Fallen oranges impact lives of Lakshmi and Anjanama

Fallen oranges impact lives of Lakshmi and Anjanama

When sweet oranges fall premature from the trees, they could be regarded as waste. However, for Lakshmi Devi and Anjanama the little brown balls are a sustainable source of additional income for their families. They happily shared how collecting the oranges positively impacts their lives.

Hesperidin source for medicine
Lakshmi Devi (in pink saree) and Anjanama (in blue saree) were interviewed by Ineke Bezembinder, Communication and Office Manager at Women on Wings, during Grameena Vikas Kendram’s (GVK) annual meet 2019 earlier this year. The Women on Wings partner runs a number of innovative projects that include organic cotton, water and soil conservation. Also, GVK creates opportunity for horticultural labour and marginalized farmers to earn extra income by collection, processing and sale of premature fallen sweet oranges that otherwise go as waste. A naturally occurring bioflavonoid called ‘Hesperidin’ is present in these dropped fruits which has value in pharmaceutical industry.

Working for educating grandchildren
Said Lakshmi: “First I was scared that the thorns of bushes in the orchard would hurt me. But I learned how to collect the oranges without getting hurt. Now I am so happy that I do this work. It brings additional income to my family. During the season, I come to the orchard every day. I feel proud that I earn money and could pay back our loans. My two children are doing well, my daughter works at the police department.” Like any mother, Lakshmi beams with pride when she talks about her adult children. “Now I dream my grandchildren stay healthy and can study. We have no land of our own so there is not much I can give them. But I can give them education. I want my grandchildren to do well in life and that they become whatever they want. I have no more sorrows!”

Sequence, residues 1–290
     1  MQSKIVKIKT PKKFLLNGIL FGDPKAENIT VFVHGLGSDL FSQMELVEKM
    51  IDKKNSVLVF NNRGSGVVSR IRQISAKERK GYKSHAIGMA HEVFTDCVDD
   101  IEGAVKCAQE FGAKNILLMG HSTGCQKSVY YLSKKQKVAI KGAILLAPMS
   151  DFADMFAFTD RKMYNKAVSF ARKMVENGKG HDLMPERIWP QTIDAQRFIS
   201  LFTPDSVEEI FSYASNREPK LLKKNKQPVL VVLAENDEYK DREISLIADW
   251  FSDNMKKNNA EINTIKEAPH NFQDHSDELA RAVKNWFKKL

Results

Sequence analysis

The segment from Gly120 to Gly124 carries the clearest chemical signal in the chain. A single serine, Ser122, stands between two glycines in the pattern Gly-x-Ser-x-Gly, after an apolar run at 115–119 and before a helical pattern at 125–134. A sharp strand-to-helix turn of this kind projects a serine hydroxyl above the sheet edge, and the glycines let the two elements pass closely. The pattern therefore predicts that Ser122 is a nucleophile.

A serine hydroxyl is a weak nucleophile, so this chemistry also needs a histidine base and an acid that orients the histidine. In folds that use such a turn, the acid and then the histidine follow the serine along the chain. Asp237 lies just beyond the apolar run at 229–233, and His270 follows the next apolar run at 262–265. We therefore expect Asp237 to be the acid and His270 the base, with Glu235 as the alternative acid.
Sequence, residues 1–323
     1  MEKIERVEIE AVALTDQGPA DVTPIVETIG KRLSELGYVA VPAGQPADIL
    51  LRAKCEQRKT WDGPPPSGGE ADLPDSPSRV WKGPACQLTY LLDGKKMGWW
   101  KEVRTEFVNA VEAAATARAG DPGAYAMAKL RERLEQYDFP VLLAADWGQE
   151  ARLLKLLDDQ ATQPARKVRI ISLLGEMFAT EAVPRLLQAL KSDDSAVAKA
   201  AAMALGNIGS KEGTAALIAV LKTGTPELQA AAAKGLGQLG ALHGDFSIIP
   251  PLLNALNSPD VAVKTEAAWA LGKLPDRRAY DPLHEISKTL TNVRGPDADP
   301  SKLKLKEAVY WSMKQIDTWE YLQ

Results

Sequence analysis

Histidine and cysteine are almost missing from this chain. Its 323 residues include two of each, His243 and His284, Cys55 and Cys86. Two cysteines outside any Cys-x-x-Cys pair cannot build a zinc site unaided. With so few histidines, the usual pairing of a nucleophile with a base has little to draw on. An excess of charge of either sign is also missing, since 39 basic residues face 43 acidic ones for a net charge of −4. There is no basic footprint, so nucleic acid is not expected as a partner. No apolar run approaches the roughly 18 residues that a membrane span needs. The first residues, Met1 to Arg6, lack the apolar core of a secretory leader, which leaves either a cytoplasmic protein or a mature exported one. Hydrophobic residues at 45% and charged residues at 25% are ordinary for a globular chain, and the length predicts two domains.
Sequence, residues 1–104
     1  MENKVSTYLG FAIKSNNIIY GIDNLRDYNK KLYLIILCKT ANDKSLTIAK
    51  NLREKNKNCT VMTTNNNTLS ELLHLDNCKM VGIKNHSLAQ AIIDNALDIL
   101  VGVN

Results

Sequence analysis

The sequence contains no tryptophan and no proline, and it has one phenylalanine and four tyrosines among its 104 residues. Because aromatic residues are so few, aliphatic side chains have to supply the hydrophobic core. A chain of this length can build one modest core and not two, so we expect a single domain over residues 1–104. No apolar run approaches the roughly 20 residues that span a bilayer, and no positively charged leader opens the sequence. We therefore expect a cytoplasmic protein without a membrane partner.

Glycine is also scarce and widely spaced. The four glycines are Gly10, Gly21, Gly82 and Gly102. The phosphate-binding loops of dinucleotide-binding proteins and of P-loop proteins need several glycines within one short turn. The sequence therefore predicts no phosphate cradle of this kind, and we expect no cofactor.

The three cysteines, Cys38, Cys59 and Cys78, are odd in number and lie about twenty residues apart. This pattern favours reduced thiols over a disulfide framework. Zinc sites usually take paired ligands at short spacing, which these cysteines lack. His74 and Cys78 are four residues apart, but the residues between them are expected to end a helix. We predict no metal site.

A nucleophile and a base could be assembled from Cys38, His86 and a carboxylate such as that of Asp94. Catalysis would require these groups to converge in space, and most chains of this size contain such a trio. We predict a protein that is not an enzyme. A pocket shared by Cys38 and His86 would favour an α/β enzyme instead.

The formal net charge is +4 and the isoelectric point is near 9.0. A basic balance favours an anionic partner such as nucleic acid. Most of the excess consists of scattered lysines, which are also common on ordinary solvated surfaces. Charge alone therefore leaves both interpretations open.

Love talking to other women
Anjanama is also happy that she earns an income. It increased her self-esteem and she enjoys the social aspect. Just like Lakshmi, Anjanama is not sure about her own age. Both women giggle when asking about their age. Said Anjanama: “I got married when I must have been seventeen. But I’m not sure. Also, I don’t know how long I’ve been married. But I do know that I’m going to be a dadi (grandmom) soon.” Her own parents were farming laborers and so is her husband. Anjanama lives a happy life. “Before I started working, I did not leave the house much. But now we have a reason to go out and talk to other women while working which I find very enriching,” Anjanama added.

Increasing family income
Looking brown and small from the outside, in the inside however a beautiful source for medicine. Women collect and process premature fallen sweet oranges in the orchards, providing them a regular additional income during two seasons per year. These oranges contain Hesperidin, a bioflavonoid, which is a source for medicines. By enrolling the women into collecting and processing of waste fruits, GVK has already increased the farmers’ annual income by 15 to 20%.

“Through this partnership with Women on Wings, we want to enable more women to earn their own income that will give them greater financial means to improve their livelihoods. Economic independence for women means more children can go to school, more meals per day for their families and communities, and an overall better standard of living for them and future generations”

Ilan Vuddumalay
C&A Foundation

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